Canada Subsidies

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Canada—46.4 billion per annum

Canada paid $3.314 billion (on oil and gas subsidies) to its fossil fuel industry last year, and $2.9 billion in 2013. The amount changes yearly, $3.314 billion is an average based on 2013-2015 data. Subsidies are usually associated with production, field development, extraction, and exploration.

However, the International Monetary Fund estimated Canada’s energy subsidies in 2011 as $26 billion, 2013 as $34 billion and 2015 as $46.4 billion to producers and as uncollected tax on externalized costs not accounted for such as air pollution, carbon emissions, transport fuels, and traffic congestion. Some agree with these unrecognized figures but others argue the large start-up capital, high degree of risk, and many years between initial investments and profits justify that companies can reduce taxes paid in the short term deferring them until later in the production cycle, that they are not subsidies but tax treatments common to the natural resources sector.

Coal production in recent years, largely through exports, is decreasing in demand. Canada’s own coal consumption has decreased dramatically over the past decade. Coal-fired power generation was reduced by half between 2000 and 2014. In November 2016, Canada announced a phase out of coal-fired electricity by 2030 which most impacts Alberta, Saskatchewan and Nova Scotia.

The amount of fossil fuels burned for energy use has been relatively flat since 2000 as increases from Alberta oil sands were offset by reductions in Ontario and the Maritimes in the phase-out of coal-fired electricity generation. But a rise in carbon emissions is evident. Fossil fuels extracted and used domestically or exported and combusted elsewhere increased 26% from 2000 to 2014. In 2015, Canada’s extracted carbon equaled almost 1.2 billion tonnes of CO2. Infrastructure projects still underway such as Liquefied Natural Gas plants and bitumen pipelines have created a high-emissions course for several decades to come has a major impact on reaching emission targets.

Export Development Canada, Canada’s main public finance institution, mostly funds projects for oil and gas production including overseas exploration. A number of subsidies to our oil, gas and mining companies are in the process of being phased out, including special help for the oil sands that ended in January 2015. Also, the Atlantic Investment Tax Credit of $127 million for past subsidies is scheduled to phase out of oil and gas in 2017. Some subsidies involve the provinces.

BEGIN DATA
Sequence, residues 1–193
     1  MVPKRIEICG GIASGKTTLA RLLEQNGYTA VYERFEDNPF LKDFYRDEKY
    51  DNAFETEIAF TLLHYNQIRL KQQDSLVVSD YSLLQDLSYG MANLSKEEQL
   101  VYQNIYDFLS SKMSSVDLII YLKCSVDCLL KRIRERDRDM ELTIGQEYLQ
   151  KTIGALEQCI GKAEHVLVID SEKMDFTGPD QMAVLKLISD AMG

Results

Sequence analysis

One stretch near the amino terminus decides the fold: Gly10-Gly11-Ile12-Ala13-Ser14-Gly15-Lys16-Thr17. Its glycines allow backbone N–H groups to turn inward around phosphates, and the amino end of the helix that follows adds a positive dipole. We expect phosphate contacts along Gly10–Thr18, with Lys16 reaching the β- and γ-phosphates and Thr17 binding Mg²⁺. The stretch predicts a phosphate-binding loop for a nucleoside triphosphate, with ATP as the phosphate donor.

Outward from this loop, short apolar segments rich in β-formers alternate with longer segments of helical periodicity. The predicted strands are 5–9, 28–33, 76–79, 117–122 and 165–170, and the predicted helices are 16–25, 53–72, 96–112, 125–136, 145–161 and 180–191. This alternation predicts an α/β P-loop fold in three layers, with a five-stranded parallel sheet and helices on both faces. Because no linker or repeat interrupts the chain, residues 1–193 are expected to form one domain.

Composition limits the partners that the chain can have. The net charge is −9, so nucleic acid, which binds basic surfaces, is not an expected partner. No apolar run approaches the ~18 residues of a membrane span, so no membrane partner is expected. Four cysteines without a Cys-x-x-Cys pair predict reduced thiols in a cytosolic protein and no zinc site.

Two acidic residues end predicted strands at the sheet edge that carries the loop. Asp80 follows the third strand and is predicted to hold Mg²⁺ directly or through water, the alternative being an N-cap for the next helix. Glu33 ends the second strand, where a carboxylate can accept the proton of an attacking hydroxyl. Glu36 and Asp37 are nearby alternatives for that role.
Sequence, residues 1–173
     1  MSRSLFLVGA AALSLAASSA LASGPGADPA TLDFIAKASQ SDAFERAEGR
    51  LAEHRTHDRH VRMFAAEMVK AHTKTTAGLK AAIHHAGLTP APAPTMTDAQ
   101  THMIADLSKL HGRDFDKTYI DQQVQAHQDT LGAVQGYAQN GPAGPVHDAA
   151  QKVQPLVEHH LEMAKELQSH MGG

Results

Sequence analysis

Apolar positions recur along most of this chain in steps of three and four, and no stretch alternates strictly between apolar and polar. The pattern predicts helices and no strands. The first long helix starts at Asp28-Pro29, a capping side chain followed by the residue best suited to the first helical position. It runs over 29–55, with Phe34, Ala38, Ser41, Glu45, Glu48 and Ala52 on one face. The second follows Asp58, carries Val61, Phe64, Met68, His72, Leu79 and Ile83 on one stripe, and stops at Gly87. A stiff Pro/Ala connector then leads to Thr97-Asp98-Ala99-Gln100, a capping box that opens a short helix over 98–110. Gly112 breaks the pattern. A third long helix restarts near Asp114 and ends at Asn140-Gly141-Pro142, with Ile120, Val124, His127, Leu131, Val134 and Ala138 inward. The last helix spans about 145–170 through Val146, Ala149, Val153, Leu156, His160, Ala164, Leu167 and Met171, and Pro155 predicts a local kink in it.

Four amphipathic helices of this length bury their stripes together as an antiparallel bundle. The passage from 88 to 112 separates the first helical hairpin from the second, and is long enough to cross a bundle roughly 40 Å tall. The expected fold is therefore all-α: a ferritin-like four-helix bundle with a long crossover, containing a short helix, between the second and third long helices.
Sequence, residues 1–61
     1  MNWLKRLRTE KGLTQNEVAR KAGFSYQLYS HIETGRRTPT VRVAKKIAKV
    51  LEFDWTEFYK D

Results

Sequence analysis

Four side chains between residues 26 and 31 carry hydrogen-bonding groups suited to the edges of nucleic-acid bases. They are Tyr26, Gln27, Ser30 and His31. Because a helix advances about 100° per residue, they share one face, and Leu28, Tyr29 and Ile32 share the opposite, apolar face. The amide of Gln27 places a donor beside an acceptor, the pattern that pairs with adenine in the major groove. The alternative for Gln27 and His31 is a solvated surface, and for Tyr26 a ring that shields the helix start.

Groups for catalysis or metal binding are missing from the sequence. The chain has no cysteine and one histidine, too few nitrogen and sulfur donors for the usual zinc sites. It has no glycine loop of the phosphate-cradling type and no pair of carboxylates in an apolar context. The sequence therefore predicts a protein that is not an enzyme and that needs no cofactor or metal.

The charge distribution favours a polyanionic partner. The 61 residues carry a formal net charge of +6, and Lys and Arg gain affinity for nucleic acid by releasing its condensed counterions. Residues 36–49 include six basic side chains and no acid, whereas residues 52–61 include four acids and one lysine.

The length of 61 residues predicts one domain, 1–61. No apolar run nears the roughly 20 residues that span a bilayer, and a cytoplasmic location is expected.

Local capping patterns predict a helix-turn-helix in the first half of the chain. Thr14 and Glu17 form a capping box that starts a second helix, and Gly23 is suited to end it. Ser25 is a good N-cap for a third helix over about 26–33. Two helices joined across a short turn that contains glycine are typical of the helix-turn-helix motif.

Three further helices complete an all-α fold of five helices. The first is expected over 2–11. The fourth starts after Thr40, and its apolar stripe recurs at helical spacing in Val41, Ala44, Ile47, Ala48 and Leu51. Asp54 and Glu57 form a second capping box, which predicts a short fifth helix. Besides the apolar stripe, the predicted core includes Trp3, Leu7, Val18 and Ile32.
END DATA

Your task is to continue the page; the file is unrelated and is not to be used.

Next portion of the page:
The Liberal federal government promised to stop subsidizing fossil fuels as part of their election platform in 2014. A national carbon tax proposed to start in 2018 at $10 is increasingly emerging as a central policy to reduce greenhouse gas emissions (GGE). This price will rise by $10 each year per metric ton of emissions to a maximum of $50 per tonne in 2022 toward Canada’s Paris commitments of reducing GGE by 30% from 2005 levels by 2030.

This also means moving from emissions of 742 megatonnes (Mt) of CO2e (December 2016) to a target of 523 Mt by 2030. While a consistent carbon price across Canada is eventually needed, it is not critical to start with it given our provinces and territories’ history of contrasting policies across the country.

Fossil fuel subsidies work against Canada’s noteworthy progress in putting a price on carbon. Many tax protocols and accelerated deductions date back to the 1970s and have since outlived their original objectives historically premised on factors such as exploration risk, spillover benefits of exploration to third parties, large capital requirements, price volatility, and a desire to be competitive. Today, however, it is not clear that these factors are unique to the sector or merit preferential treatment. Pembina indicates today the oil sector is not operating in such a market. More importantly, tax preferences are now contrary to our global GGE commitment as well as Canada’s domestic policy on carbon pricing and investment in clean technology.

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about Canadian fossil fuel subsidies and where they are headed – November 2015 May 21 2014 December 2016 February 2015 November 2016 November 2015 November 2010 January 2017 January 2013 November 2014 July 2014 June 2016 January 25, 2017 1998-2016


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